Political scientists examine voter confidence in electoral administration, make recommendations

November 05, 2007

Washington, DC--A new study by political scientists examines voter confidence in the local administration of U.S. elections and finds the quality of voters' experience with the voting process is key to bolstering confidence in the election system--along with the casting a ballot on Election Day and the use of voting machines with verifiable results.

The research, conducted by Lonna Rae Atkeson (University of New Mexico) and Kyle L. Saunders (Colorado State University), is entitled "The Effect of Election Administration on Voter Confidence: A Local Matter?" and appears in an election reform symposium in the October issue of PS: Political Science & Politics, a journal of the American Political Science Association.

The full symposium is available online at http://www.apsanet.org/content_47809.cfm.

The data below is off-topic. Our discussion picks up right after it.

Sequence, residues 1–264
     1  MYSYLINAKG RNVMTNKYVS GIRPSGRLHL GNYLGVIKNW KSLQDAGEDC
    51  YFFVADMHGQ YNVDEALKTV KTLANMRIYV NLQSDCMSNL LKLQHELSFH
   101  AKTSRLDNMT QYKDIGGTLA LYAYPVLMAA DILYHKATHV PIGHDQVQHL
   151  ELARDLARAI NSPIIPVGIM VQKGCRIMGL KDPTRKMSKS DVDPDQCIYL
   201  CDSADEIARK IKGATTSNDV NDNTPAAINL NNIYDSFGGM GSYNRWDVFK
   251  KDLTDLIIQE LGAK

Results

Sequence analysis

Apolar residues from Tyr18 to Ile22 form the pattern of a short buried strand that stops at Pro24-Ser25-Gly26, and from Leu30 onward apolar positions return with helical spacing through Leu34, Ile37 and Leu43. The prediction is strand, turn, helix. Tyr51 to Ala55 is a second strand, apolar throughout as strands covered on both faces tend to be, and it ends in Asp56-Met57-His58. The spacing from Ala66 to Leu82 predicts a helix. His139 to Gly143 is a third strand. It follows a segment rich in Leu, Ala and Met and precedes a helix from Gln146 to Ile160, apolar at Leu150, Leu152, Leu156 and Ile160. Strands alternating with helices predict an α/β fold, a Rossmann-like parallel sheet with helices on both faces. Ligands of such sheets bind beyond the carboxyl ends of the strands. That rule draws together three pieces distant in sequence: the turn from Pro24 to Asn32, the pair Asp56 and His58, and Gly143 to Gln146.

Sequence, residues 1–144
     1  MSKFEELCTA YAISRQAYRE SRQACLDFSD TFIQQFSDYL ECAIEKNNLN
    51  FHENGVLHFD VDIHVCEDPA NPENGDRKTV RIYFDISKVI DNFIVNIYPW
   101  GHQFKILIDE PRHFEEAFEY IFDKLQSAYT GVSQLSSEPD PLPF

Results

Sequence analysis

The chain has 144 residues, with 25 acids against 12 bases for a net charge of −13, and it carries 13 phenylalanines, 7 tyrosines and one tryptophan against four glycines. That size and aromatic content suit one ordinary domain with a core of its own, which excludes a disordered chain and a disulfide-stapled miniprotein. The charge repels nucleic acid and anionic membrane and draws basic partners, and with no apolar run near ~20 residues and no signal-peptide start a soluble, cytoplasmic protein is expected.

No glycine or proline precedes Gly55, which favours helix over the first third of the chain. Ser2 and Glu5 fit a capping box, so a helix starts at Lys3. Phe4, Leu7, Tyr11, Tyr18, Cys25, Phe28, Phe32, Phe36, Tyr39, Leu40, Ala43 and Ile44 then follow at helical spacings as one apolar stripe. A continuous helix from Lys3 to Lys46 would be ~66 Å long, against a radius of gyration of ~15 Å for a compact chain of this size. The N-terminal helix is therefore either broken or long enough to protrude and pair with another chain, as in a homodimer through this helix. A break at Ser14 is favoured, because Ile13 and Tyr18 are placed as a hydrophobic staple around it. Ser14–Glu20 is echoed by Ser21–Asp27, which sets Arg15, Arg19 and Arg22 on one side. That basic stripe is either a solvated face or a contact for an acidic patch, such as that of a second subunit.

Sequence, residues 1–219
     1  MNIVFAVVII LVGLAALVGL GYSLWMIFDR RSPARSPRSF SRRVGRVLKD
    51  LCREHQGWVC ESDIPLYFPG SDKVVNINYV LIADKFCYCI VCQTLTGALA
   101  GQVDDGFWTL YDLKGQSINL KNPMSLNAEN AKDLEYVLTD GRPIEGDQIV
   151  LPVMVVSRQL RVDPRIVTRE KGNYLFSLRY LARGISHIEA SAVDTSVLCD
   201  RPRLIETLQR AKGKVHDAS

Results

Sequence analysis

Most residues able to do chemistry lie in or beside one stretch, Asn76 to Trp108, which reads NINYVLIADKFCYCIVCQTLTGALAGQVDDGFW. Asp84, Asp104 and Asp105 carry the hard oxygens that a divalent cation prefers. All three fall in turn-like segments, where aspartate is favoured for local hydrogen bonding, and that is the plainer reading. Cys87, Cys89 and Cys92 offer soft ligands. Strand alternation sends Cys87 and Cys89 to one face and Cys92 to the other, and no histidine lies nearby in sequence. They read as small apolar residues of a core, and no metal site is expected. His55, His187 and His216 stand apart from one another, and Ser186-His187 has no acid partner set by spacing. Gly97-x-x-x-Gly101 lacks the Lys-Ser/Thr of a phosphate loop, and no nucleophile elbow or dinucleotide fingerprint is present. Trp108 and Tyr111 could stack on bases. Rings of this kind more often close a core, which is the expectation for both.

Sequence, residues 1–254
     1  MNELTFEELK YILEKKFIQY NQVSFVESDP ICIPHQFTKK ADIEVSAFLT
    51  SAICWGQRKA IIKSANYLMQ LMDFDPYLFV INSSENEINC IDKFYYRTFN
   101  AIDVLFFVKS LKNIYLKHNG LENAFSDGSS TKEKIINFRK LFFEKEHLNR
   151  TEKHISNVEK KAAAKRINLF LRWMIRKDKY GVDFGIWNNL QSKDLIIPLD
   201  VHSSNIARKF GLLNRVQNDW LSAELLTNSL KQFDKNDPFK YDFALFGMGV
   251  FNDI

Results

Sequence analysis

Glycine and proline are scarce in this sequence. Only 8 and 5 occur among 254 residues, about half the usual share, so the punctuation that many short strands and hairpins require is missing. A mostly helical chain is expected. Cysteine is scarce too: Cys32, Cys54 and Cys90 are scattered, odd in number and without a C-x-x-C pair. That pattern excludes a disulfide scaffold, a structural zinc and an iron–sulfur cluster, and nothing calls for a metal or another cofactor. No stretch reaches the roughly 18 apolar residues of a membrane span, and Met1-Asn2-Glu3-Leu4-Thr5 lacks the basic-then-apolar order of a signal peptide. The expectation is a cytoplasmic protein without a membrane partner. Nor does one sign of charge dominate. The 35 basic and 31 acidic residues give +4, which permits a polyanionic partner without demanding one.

Elections are the key link between citizens and their elected officials in a democracy. "If voters do not have confidence that their vote is counted correctly then the most fundamental aspect of representative democracy...is in doubt...," observe Atkeson and Saunders. Their study, based on a random survey of voters following the 2006 midterm election in two competitive congressional districts, focuses specifically on "whether a voter believes her vote will actually be counted as intended...".

The authors reach three primary conclusions. First, "our findings demonstrate substantial evidence that voters' direct experience with the voting process influences their voter confidence," state the authors, and "the more helpful the poll workers and the more a voter enjoyed her voting method, the more confident she was that her vote counted." Second, "not casting a ballot on Election Day, but instead voting absentee or early, results in less voter confidence, especially for absentee voting." Third, "when voters use a voting machine that they agree produces verifiable results, they are more confident in the election process."